Typically, the sale of cryptocurrencies is treated similar to investment capital for tax purposes in Sweden. The mining of cryptocurrencies is taxed as income from a hobby, unless done on a sufficient scale to be taxed as a commercial activity. The Swedish Tax Authority has not issued guidance specifically dealing with staked cryptocurrencies, airdrops, or hard forks. Depending on whether these forms of receipt of cryptocurrencies are considered gifts or a form of other income, they are either not taxed or taxed as other income.
Cryptocurrencies are not recognized as a financial instrument or official currency in Sweden.
Sweden taxes income from employment (tjänst), commercial activity (näringsverksamhet), and capital gains, among other things, through the Income Tax Act. For tax purposes, at the time of sale, cryptoassets are considered “other assets” as regulated in chapter 52 of the Income Tax Act, which provides that the profit made at the time of sale should be taxed, similarly to capital gains. Mining of cryptocurrencies qualifies as income from a hobby unless done on a commercial scale.
The Supreme Administrative Court (Högsta förvaltningsdomstolen) has established that any profits made when selling Bitcoins is subject to taxation as capital gains. Thus, the sale of cryptocurrency is subject to the capital gains provision in the Income Tax Act.
II. Tax Treatment of Block Rewards
A. Tax Treatment of Mined and Staked Cryptocurrencies
The Swedish Tax Authority has issued guidelines on the taxation of cryptocurrency mining. In accordance with the guidelines, mined cryptoassets on a personal scale are considered income from a hobby and subject to income tax based on the current market value at the time they are mined as personal income from employment (tjänst). Large-scale mining may be considered commercial activity, and is taxed as such (inkomst av näringsverksamhet). Commercial activity is defined as “activity that is conducted professionally and independently.” The Swedish Tax Authority has further determined that to assess whether the activity is professional and independent, the activity must qualify as “activity that is distinguishable as being conducted enduringly, independently, and in order to make a profit.” To qualify as commercial the activity must meet all three conditions. Hobby activities that are carried out for profit for a longer period of time are typically considered commercial activity. The Swedish Tax Authority specifically considers the following circumstances, among others, when determining if the mining of cryptocurrencies is a hobby or a commercial activity:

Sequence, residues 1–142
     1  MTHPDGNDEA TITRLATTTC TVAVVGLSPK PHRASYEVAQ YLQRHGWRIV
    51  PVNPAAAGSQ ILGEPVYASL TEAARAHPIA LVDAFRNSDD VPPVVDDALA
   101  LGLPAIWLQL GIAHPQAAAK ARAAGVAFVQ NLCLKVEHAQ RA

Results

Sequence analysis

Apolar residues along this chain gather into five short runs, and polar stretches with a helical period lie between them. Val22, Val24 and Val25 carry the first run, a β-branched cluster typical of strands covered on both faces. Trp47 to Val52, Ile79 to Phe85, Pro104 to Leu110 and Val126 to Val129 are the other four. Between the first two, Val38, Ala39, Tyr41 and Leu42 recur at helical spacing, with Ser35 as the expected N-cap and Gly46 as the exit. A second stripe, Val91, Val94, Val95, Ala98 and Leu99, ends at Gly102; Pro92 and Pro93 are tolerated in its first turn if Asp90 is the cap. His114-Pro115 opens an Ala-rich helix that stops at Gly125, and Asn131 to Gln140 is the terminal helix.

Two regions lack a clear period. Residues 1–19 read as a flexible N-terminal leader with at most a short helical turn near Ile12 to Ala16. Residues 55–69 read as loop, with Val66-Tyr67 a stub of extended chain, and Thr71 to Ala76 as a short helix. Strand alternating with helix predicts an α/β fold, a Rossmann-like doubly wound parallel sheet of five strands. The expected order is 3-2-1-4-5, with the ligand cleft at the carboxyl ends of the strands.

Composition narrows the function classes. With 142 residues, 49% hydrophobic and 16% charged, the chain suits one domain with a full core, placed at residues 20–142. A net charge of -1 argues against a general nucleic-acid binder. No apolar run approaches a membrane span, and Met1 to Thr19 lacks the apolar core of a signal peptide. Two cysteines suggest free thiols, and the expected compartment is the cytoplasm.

- That the activity is undertaken in a regular, professional, and cost efficient manner during a longer period of time with expedient equipment.
- That the activity can be expected to generate a surplus as determined across the entire financial calculation period.
- That the equipment’s calculation capacity can be expected to generate more than 25 bitcoins annually (or an equitable amount in the form of transaction fees or other virtual currency).
Staked cryptocurrencies are not directly addressed by the guidelines. It appears the Swedish Tax Authority has not made any other statements related to staked cryptocurrencies. Service providers that advertise tax services in relation to cryptocurrencies appear to treat staked currencies similarly to mining for tax purposes. However, another interpretation by one tax service provider describes the tax treatment of staking rewards as follows: “Staking is in the world of crypto the same as lending your cryptoasset and according to the Swedish Tax Authority these shall be taxed as sales during the loan and as purchases when you yourself borrow or receive back the previous lent crypto.” This interpretation would result in a different tax situation than if treated as mined cryptocurrencies. If considered mined cryptocurrencies the staked cryptocurrency would be taxable as income (either personal income or commercial activity depending on the scale) at the time of receipt, whereas if similar to a purchase, the receipt would not be taxable.
B. Tax Treatment of Tokens Received Through “Airdrops” and “Hard Forks”